Medical treatment guidelines for preventive treatment of migraine

Tzu Chou Huang, Tzu Hsien Lai, Shuu Jiun Wang, Po Jen Wang, Yen Feng Wang, Lien Huei Lee, Kao Chang Lin, Zin An Wu, Ching Sen Shih, Yung Chu Hsu, Yen Yu Chen, Wei Hung Chen, Wei Ta Chen, Ping Kun Chen, Tzu Chou Huang, Jong Ling Fu, Chun Pai Yang, Tu Hsueh Yeh, Yi Chu Liao, Tzu Hsien LaiJing Jane Tsai, Shiang Ru Lu, Treatment Guideline Subcommittee of Taiwan Headache Society

Research output: Contribution to journalArticle

5 Citations (Scopus)

Abstract

The Treatment Guideline Subcommittee of the Taiwan Headache Society evaluated the medications currently used for migraine prevention in Taiwan. We assessed the results of new published drug trials, information from medical database and referred to the latest guidelines published. After comprehensive discussion, we proposed Taiwanese consensus about the preventive treatment for migraine including recommendation levels, strength of evidences, and related prescription information regarding dosage and adverse effects. This guideline is updated from earlier version published in 2008. Migraine preventive medications currently available in Taiwan can be categorized into ß-blockers, antidepressants, calcium channel blockers, anticonvulsants, nonsteroid anti-inflammatory drugs, OnabotulinumtoxinA and miscellaneous medications. Propranolol has the best level of evidence and fewer side-effects, and is recommended as the first-line medication for episodic migraine prevention. Valproic acid, topiramate, flunarizine and amitriptyline are suggested as the second-line medications. The rest medications are used when the above medications fail. OnabotulinumtoxinA and topiramate are recommended for chronic migraine prevention. Those other medications used for episodic migraine could also be used as a second-line option. It is not recommended to use migraine preventive medication during pregnancy or lactation. For those women with menstrual migraine, nonsteroid anti-inflammatory drugs and triptans can be used for prevention during the menstrual period. The levels of evidences for migraine preventive medications in children/adolescents and elderly are low. The preventive medications should follow the “start low and go slow” doctrine to reach an effective dosage. This can prevent adverse events and improve tolerance. The efficacy of preventive medications cannot be evaluated until 3 to 4 weeks after treatment. If the improvement of migraine maintains for 6 months, physicians can gradually taper the medications. Physicians should notify the patients not to overuse acute medications during migraine prevention treatment.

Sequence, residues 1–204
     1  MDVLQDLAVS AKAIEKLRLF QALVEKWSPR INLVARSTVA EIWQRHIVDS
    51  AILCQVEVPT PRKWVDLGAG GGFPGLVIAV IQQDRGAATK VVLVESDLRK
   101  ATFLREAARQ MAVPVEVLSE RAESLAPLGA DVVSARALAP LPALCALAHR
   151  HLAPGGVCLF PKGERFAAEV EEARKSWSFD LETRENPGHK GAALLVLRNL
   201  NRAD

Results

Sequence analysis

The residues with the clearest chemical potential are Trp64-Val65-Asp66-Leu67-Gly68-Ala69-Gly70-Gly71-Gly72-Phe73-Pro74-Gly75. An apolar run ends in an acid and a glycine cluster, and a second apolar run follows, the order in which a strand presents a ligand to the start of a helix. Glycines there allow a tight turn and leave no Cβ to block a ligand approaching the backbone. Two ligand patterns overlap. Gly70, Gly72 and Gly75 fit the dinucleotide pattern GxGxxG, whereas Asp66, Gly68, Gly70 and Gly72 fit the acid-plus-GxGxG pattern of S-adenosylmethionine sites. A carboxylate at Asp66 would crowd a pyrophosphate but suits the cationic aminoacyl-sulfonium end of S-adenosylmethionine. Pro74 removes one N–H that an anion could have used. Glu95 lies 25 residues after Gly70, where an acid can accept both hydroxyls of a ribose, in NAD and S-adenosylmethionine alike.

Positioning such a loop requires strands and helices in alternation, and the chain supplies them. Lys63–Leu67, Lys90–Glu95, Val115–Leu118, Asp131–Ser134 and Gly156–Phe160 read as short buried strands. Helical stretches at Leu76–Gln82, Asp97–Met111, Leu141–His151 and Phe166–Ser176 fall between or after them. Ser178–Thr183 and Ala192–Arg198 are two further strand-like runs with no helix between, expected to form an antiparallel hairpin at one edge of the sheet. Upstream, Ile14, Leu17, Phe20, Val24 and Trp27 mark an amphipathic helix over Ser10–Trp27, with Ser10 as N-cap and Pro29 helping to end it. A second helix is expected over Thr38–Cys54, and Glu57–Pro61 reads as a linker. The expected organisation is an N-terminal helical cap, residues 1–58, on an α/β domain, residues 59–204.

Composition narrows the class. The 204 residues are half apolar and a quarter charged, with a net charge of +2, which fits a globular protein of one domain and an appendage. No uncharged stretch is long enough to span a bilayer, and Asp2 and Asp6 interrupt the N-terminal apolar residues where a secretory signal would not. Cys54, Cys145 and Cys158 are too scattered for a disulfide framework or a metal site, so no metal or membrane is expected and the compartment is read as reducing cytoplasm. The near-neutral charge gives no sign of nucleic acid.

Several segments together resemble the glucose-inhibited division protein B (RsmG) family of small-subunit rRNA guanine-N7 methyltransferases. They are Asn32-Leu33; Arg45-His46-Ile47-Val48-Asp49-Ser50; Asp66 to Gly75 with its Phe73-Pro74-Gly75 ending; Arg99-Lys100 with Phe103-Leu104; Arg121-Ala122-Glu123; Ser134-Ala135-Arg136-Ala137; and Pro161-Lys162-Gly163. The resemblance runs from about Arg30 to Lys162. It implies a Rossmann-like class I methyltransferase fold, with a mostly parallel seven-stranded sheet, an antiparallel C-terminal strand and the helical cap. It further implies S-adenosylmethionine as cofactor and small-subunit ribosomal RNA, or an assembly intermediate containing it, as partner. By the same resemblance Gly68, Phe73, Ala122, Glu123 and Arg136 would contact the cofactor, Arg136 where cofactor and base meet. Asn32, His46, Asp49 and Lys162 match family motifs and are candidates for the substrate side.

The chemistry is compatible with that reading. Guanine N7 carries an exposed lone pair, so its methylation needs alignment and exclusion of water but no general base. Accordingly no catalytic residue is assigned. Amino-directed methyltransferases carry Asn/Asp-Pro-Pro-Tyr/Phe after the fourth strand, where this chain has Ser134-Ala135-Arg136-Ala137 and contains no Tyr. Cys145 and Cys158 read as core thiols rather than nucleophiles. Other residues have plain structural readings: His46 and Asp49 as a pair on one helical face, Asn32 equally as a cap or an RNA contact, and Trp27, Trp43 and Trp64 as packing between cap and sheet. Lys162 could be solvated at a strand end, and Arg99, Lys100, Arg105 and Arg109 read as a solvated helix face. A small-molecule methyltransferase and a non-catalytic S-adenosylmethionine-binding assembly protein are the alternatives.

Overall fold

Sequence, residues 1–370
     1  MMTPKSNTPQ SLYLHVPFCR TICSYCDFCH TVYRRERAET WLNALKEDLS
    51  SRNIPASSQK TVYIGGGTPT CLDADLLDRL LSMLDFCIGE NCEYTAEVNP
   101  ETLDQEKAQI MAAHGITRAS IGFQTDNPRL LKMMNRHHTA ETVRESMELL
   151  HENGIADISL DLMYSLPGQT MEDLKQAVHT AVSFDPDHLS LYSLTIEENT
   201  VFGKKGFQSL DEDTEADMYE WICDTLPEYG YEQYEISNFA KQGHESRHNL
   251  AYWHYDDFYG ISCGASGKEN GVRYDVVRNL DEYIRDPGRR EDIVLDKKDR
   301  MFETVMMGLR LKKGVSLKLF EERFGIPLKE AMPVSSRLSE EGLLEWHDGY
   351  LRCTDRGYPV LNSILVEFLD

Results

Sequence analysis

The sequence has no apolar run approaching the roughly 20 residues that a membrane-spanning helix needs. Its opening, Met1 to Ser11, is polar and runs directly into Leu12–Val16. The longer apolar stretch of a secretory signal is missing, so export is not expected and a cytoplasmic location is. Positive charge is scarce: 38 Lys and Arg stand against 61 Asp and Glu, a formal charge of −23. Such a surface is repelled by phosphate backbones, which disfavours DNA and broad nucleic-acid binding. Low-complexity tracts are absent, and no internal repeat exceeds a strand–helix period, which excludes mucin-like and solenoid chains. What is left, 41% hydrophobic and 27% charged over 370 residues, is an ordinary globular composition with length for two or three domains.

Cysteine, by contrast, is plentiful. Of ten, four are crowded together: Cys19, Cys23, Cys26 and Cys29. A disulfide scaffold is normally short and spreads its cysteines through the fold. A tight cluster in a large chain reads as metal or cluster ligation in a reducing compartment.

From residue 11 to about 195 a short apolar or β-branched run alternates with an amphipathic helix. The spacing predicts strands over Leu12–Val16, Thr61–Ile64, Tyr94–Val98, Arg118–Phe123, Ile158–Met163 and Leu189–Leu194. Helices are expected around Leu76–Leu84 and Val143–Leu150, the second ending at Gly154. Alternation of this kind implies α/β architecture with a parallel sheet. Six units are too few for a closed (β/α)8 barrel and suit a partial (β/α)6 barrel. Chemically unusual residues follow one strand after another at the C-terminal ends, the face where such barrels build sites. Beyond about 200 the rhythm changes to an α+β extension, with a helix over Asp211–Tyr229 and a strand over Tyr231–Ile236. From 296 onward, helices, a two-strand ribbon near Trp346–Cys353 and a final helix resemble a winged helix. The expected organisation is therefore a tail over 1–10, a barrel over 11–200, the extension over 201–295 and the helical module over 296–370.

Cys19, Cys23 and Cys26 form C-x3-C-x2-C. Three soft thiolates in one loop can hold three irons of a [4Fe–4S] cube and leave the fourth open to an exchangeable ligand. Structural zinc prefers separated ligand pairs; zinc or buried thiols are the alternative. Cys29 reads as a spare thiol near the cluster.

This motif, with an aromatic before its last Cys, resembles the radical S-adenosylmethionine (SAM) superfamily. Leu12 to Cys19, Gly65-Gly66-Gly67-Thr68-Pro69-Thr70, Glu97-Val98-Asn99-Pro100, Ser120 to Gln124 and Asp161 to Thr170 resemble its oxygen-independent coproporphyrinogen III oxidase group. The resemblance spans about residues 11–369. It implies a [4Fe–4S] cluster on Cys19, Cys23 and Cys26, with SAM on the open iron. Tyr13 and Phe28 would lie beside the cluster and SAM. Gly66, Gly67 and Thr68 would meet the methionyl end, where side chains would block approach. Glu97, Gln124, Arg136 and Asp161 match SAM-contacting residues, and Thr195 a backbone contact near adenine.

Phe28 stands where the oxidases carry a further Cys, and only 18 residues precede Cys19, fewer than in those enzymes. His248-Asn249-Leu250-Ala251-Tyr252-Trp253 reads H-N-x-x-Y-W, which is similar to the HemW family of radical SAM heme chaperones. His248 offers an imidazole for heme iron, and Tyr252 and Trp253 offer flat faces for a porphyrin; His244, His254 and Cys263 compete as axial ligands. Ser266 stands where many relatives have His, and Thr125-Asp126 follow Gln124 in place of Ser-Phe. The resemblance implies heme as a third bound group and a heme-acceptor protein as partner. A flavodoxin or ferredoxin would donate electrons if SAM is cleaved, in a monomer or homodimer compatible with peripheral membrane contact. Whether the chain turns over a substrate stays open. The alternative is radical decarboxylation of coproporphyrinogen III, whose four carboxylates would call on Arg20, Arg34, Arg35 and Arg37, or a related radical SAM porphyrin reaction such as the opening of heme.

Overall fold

Original languageEnglish
Pages (from-to)33-35
Number of pages3
JournalActa Neurologica Taiwanica
Volume26
Issue number1
Publication statusPublished - Jan 1 2017

Keywords

  • Chronic migraine
  • Evidence-based medicine
  • Migraine preventive treatment
  • Treatment guidelines

ASJC Scopus subject areas

  • Neurology
  • Clinical Neurology

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    Huang, T. C., Lai, T. H., Wang, S. J., Wang, P. J., Wang, Y. F., Lee, L. H., Lin, K. C., Wu, Z. A., Shih, C. S., Hsu, Y. C., Chen, Y. Y., Chen, W. H., Chen, W. T., Chen, P. K., Huang, T. C., Fu, J. L., Yang, C. P., Yeh, T. H., Liao, Y. C., ... Treatment Guideline Subcommittee of Taiwan Headache Society (2017). Medical treatment guidelines for preventive treatment of migraine. Acta Neurologica Taiwanica, 26(1), 33-35.